There’s a not-so-subtle form of political agitation that Government ministers employ when they want to stir the pot and push through some ill-conceived short-term policy change that will save them money and make them look good to some sections of the electorate.
It’s called “dog whistle” politics and the simple technique is to make an emotionally-charged announcement in a speech or other forum that gets the media’s attention and then gets the hounds racing.
Tertiary Education minister Stephen Joyce made a dog whistle announcement yesterday in a speech to the Wellington Chamber of Commerce.
The language of dog whistling has to be carefully constructed. There are two methods – scare mongering and aspirational – and both are usually employed.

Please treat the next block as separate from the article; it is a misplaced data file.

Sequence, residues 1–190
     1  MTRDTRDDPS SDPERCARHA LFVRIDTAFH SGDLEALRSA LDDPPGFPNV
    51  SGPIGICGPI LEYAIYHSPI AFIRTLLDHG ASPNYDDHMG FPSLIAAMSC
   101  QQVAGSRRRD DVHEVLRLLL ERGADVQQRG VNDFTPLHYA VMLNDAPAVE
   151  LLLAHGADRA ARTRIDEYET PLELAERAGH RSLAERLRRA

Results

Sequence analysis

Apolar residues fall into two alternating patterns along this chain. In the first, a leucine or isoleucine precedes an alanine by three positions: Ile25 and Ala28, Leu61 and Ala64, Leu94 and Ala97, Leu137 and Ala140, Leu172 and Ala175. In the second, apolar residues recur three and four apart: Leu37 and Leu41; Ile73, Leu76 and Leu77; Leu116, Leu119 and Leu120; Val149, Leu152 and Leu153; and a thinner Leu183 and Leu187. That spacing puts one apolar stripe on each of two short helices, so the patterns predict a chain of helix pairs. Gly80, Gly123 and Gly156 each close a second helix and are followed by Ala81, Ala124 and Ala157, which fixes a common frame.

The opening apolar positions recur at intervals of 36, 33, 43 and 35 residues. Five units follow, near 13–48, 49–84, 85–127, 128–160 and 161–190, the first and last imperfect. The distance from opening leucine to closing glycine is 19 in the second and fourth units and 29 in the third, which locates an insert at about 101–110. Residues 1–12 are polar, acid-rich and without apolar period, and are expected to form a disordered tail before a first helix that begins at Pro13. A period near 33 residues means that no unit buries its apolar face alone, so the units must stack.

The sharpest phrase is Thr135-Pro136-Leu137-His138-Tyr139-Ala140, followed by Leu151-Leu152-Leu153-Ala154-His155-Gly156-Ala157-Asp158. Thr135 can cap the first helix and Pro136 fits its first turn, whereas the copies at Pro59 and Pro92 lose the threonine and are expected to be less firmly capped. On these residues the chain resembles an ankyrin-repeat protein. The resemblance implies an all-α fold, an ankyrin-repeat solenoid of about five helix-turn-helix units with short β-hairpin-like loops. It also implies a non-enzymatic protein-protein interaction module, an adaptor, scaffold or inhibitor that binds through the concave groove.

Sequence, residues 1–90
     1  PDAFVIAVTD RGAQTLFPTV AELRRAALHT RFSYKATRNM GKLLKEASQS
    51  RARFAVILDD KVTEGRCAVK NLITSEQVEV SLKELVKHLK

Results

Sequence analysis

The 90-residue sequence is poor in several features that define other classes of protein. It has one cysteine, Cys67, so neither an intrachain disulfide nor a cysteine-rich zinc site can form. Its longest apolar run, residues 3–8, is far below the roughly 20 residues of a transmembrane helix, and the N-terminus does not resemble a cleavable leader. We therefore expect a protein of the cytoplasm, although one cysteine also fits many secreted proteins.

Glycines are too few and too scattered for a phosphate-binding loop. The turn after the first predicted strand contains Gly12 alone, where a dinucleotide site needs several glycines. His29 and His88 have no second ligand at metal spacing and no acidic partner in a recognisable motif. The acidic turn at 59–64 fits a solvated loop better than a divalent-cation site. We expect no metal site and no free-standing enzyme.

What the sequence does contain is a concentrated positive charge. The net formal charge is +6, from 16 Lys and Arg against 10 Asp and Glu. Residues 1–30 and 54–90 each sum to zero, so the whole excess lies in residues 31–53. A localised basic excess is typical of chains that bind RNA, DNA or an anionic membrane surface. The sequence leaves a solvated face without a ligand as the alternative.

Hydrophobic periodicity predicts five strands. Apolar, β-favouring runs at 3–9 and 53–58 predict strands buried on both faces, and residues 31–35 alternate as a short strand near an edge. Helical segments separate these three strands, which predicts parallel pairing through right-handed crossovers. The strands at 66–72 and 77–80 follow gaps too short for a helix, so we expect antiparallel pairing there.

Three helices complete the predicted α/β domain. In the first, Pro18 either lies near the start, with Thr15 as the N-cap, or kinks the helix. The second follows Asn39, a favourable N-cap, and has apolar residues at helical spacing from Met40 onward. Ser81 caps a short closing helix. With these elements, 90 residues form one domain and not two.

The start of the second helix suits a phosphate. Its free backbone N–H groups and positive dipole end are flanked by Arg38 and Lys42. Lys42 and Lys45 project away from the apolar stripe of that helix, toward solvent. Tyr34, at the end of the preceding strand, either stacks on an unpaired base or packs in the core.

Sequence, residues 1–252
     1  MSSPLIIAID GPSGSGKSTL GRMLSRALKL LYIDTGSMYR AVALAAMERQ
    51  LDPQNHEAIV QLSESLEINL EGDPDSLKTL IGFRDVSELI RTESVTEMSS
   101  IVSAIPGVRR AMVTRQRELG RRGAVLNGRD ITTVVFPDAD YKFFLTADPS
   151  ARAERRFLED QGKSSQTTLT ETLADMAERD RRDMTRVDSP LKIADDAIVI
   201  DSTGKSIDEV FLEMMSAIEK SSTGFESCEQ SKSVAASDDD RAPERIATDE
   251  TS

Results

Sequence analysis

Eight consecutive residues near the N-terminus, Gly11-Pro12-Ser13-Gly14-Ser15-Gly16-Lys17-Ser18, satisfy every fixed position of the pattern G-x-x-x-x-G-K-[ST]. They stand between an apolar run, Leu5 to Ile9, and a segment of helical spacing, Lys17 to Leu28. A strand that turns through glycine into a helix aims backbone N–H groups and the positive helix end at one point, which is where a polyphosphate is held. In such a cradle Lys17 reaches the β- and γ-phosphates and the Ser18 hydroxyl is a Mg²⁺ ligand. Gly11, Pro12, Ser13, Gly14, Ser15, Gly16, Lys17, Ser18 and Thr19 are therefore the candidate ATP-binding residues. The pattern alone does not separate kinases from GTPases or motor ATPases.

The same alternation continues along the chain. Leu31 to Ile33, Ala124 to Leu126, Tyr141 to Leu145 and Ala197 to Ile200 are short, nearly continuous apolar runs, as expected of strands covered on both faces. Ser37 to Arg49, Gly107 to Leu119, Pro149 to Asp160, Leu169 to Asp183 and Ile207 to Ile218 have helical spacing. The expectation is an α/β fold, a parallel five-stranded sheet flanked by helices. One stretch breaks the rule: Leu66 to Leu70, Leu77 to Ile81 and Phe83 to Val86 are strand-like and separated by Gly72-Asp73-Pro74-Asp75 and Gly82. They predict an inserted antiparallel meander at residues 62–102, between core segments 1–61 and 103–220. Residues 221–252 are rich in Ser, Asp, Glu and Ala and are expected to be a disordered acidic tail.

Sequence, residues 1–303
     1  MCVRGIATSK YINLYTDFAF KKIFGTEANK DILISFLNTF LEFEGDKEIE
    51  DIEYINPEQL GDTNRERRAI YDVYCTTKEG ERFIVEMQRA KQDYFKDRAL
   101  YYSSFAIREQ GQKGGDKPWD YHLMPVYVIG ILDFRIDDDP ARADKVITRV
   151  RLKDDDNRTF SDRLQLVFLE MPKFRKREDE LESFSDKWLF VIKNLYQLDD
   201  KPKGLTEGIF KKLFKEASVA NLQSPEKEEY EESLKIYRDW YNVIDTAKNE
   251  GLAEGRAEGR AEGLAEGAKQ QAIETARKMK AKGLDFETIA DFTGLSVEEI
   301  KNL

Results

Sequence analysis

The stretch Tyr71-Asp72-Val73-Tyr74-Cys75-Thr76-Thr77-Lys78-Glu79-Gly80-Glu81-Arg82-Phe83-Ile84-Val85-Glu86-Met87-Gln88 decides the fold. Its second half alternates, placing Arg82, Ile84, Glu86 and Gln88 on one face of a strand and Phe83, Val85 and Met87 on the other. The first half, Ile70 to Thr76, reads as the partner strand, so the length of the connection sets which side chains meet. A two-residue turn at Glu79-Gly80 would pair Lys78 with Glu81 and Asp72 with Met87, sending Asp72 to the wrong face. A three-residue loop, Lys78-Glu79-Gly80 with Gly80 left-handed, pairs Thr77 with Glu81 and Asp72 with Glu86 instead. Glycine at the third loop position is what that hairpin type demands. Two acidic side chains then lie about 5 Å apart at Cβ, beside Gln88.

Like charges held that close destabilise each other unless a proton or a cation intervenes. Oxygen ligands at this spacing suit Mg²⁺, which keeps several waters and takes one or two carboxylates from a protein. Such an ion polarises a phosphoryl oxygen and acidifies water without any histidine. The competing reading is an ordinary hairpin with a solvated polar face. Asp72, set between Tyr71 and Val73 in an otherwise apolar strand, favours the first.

Here’s a sample of Joyce’s aspirational language. The language of “improving outcomes”:
- Increasing the number of young people achieving degrees
- Increasing the success rate of Maori and Pasifika students
- Increasing the number of young people successfully moving from schools to tertiary
- Improving the outcomes of level one to three study
- Improving the educational and financial strength of providers, and strengthening the research outcomes.
Who could disagree with these sentiments. Of course we want to improve and increase the outcomes of tertiary education. But, as always, the devil is in the details.